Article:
ISU ENTREPRENEURS WIN COMPETITION

ISU's first place winner accepting large novelty check on stage.

ISU’s first place winner secured $15,300 in seed money for their business idea Wynderhub.

Madison Shumway

Staff Writer

ISU students competing at the Idaho Entrepreneur Challenge in Boise last month came home with over $30,000 to fund their business ideas.

Four teams from ISU won a first place prize, two runners-up prizes and a best marketing display prize.

“Competitions like the IEC challenge the student to think about all aspects of starting a company,” said Jeff Street, director of ISU’s Center for Entrepreneurship and Economic Development. “This is from idea generation to valuation of the company five to 10 years in the future when investors come calling … covering all the bases, from technology to operations to funding. This is how it happens in the real world.”

The challenge invited Idaho students to submit proposals for business ideas. Finalists traveled to Boise to present their proposals to judges and compete for over $100,000 in prizes provided by Zions Bank.

Proposals fell into four categories: Health and Healthy Living, Agriculture/Agriculture Technology, Social Cultural Environmental and Tech/Consumer Product/Service.

ISU’s first-place winner swept the Agriculture/Agriculture Technology category.

Wynderhub, created by Colby Borup, Miguel Rangel, EJ Lopez, Morgan Rasmussen and Mike Day, is a tool that eases wire fence maintenance. Its proposal secured $15,300 in seed money to take Wynderhub from an idea to reality.

In the largest category, Tech/Consumer Product/Service, two ISU students were awarded runner-up for their itemized storage service, SpareSpace.

Engineering and marketing student Jonny Henderson and nursing junior Timothy Mohlke, together with Gonzaga junior Jeff Wheadon, won $6,300 for their proposal at the IEC. Henderson and Mohlke presented their SpareSpace proposal to three panels of judges.

“Your presentation skills are almost as important as your idea because if you can’t convey your idea to someone else, they’re not going to buy it,” Henderson said. “We can sell them on our personality because we already put so much sweat equity into our idea.”

The first spark of SpareSpace ignited in a Gonzaga classroom last year. When Wheadon, a computer science major at the university, thought up an idea for itemized storage targeted at college students, he contacted his longtime friend, Henderson.

When Henderson and Mohlke decided to enter the challenge, they floated a few ideas. But when Wheadon mentioned SpareSpace to Henderson, they knew they’d found a potentially winning project.

Henderson pitched SpareSpace to mentors the next day.

The three began meeting via Google Hangouts and met together once in Boise before the competition. They crafted a proposal, submitted it, then began preparing for the in-person proposal, where they were declared finalists.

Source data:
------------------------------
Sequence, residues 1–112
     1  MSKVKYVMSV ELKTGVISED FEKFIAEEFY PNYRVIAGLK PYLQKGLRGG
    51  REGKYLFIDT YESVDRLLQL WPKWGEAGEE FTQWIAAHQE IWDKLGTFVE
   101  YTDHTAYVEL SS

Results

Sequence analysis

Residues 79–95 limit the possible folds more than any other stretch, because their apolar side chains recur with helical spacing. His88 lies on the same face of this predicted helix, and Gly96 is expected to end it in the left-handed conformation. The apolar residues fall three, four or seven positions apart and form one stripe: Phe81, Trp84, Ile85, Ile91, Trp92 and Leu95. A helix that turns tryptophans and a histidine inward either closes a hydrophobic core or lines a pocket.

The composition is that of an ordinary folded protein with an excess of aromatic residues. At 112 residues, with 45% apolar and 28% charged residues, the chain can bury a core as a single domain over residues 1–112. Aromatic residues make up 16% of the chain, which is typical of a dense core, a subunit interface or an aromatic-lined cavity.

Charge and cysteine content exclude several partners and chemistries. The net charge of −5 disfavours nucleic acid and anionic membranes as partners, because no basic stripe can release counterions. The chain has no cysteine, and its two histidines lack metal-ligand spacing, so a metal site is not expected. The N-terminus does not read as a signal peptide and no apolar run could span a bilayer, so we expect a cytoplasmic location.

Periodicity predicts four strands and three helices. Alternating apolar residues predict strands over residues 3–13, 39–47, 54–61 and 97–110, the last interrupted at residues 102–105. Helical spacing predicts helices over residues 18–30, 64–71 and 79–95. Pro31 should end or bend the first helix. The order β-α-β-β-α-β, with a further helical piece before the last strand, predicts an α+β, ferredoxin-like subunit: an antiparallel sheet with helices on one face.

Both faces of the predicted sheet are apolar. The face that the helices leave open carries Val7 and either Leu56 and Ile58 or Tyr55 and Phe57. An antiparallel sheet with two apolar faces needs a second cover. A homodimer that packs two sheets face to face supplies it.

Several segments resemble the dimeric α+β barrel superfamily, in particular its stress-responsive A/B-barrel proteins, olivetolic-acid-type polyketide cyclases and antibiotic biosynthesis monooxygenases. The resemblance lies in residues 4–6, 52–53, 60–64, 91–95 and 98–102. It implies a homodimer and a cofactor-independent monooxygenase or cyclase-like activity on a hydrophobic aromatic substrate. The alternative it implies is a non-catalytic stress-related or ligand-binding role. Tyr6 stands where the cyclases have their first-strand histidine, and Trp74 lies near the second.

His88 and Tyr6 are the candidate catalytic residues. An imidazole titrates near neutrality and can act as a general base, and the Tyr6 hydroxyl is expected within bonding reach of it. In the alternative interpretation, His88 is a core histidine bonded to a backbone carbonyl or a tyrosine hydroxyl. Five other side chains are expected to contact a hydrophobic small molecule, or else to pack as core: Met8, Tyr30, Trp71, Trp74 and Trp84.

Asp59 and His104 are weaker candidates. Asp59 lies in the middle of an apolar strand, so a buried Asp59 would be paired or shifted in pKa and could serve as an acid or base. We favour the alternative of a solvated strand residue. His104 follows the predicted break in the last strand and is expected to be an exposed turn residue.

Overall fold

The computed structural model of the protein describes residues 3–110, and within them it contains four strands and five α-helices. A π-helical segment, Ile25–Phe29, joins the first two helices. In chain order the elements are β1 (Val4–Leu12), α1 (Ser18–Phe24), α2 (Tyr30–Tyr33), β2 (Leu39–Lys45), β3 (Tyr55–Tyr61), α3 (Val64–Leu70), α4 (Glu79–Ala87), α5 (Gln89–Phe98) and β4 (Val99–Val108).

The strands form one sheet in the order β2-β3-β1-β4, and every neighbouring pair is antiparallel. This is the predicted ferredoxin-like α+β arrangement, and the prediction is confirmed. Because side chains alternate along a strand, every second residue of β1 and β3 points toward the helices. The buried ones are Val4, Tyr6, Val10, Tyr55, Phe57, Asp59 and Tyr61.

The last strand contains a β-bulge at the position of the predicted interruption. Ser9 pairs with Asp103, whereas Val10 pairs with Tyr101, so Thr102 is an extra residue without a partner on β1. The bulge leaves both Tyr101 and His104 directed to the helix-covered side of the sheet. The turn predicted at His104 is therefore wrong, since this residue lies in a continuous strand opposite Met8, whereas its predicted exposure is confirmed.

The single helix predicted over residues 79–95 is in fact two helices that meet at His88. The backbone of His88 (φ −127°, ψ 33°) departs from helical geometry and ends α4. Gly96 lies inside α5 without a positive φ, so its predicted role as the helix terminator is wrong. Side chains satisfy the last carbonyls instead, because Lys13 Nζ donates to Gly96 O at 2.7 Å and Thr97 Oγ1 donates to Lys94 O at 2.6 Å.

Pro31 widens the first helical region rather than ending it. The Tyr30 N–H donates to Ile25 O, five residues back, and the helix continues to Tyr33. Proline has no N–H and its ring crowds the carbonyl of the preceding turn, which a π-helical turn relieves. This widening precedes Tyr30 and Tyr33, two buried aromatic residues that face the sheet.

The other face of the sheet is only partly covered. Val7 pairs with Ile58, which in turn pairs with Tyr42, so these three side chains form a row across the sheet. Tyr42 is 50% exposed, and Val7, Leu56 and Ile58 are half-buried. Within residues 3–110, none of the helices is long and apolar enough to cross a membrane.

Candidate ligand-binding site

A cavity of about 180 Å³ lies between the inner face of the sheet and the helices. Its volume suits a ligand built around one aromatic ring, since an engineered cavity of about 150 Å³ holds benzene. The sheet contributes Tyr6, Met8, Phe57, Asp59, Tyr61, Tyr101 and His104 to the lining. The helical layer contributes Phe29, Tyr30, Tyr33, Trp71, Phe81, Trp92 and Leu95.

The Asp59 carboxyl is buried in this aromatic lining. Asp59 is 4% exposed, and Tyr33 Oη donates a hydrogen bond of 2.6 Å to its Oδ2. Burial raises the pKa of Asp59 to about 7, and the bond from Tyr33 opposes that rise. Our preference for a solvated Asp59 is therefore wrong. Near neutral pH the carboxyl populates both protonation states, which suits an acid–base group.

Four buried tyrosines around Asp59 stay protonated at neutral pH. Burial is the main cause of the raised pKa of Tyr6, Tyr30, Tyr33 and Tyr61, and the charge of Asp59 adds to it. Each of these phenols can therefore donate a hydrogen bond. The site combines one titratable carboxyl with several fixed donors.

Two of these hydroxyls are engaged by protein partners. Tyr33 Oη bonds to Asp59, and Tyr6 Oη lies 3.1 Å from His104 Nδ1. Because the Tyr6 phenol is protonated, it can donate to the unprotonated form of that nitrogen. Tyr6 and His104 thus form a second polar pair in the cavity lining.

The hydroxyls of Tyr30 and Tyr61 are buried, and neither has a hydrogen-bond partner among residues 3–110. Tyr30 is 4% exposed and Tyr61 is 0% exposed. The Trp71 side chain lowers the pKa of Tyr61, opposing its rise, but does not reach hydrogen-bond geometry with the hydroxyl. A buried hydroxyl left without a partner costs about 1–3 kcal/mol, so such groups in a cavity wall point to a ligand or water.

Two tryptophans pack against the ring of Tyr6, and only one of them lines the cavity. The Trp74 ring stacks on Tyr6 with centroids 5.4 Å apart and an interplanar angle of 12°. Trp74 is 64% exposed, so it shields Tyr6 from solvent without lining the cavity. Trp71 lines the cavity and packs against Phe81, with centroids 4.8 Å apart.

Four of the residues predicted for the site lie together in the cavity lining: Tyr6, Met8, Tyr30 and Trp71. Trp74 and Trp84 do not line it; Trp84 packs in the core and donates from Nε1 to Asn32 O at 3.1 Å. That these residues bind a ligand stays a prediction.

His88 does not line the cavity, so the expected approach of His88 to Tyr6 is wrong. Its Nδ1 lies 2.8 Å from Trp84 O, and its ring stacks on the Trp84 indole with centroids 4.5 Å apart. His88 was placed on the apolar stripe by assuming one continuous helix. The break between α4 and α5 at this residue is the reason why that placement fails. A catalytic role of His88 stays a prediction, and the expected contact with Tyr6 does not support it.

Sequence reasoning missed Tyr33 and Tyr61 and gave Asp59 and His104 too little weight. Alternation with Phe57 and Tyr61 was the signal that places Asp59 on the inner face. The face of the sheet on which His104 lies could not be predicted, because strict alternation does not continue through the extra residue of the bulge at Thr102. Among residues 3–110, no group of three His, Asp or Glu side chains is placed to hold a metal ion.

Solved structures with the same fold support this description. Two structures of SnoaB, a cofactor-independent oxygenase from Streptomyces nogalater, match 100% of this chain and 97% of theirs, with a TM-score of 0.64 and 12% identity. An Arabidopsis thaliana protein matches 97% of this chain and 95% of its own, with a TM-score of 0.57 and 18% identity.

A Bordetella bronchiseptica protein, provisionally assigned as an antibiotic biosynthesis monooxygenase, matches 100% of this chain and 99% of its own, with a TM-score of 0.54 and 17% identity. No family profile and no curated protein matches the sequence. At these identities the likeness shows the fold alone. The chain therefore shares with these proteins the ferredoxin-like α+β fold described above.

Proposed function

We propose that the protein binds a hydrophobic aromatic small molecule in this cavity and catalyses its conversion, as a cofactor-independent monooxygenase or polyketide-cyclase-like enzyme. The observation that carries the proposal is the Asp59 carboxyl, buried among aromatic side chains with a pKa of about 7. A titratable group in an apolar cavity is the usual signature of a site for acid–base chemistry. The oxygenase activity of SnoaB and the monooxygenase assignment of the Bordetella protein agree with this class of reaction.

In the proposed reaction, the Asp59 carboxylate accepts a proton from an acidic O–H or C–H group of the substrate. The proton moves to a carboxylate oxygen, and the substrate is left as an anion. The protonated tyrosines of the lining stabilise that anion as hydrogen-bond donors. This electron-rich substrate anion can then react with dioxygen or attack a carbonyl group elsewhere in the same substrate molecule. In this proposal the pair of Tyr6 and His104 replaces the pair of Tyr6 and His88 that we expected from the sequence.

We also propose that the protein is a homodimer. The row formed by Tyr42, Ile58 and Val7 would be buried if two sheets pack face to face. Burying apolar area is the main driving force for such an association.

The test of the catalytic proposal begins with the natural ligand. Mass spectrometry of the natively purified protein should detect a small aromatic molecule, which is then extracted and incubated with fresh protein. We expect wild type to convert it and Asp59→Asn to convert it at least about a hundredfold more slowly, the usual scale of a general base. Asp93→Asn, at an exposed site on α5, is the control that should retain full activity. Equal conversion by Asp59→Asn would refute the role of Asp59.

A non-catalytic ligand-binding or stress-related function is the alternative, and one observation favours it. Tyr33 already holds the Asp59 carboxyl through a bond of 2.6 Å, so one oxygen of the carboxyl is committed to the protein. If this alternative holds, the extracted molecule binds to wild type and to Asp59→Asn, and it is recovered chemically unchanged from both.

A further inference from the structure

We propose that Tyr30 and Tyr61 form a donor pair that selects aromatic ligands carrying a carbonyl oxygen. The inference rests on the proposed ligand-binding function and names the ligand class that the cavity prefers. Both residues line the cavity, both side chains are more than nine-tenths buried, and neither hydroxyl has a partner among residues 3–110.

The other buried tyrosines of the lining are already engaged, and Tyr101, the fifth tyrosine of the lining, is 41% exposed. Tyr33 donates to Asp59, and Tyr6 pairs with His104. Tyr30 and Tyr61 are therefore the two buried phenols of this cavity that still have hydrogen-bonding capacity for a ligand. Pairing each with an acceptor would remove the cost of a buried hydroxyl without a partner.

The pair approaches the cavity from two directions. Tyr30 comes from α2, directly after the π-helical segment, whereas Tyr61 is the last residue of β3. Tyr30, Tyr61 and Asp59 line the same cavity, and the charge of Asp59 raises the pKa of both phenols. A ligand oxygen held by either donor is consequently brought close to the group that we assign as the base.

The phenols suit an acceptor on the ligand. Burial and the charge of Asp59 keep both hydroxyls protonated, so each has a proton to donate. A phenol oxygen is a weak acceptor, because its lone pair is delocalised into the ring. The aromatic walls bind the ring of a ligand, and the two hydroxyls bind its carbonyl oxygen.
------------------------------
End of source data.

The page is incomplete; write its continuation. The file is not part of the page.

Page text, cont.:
Five students sitting at a table.

During this process, students took charge and formulated their own business models.

Though Wheadon wasn’t able to pitch his own idea at the challenge, he knew SpareSpace was in good hands.

“I was pretty stoked when I got the text from Jonny saying we got runner-up,” he said. “I knew we had an awesome business model and that Tim and Jonny were going to rock the pitch.”

That process will begin this summer, when the team will beta-test the project with a small group of students.

The service’s appeal, Henderson said, lies in its convenience and affordability. SpareSpace picks up items, then plays its own game of Tetris to fit items in storage. Cost depends on the size of the item.

SpareSpace addresses a need for low-cost, low-stress storage for college students who leave town or lack room in dorms.

Though developing the service is made somewhat difficult by the team’s geographical distance and packed schedules, Henderson, Mohlke and Wheadon hope to expand their startup over the coming years.

“I am very proud of the work Jonny and Tim did at Boise State,” Wheadon said. “It was a bummer I wasn’t there to experience the atmosphere of the busy day, but I’m excited to see what the three of us can do with this business over the next couple of years.”

Camie Parsons and Gabby Kane also secured $6,300 for their Health and Healthy Living idea, iuveni Duality. Thomas Brumpton and Jared Cantrell of Turtle Back Technology won a $1,550 prize for their tabletop display.

After submitting their initial proposals, 25 finalists were selected to participate in the state competition in Boise. The finalists attended workshops, social events and three rounds of pitch-and-questioning sessions.

After months of development, all that was left for the team was selling the idea. And sell it they did: ISU students’ pockets are now lined with over 30 grand to bring their businesses to life.

While CEED and other campus mentors offered assistance with the teams’ proposals, said Street, it was the students that took charge and formulated their business models, ultimately winning funding.

“CEED’s role was simply as a platform of support by offering resources, coaching and advice,” Street said. “As always, it is the passion and talent of the entrepreneur that makes the idea a success.”

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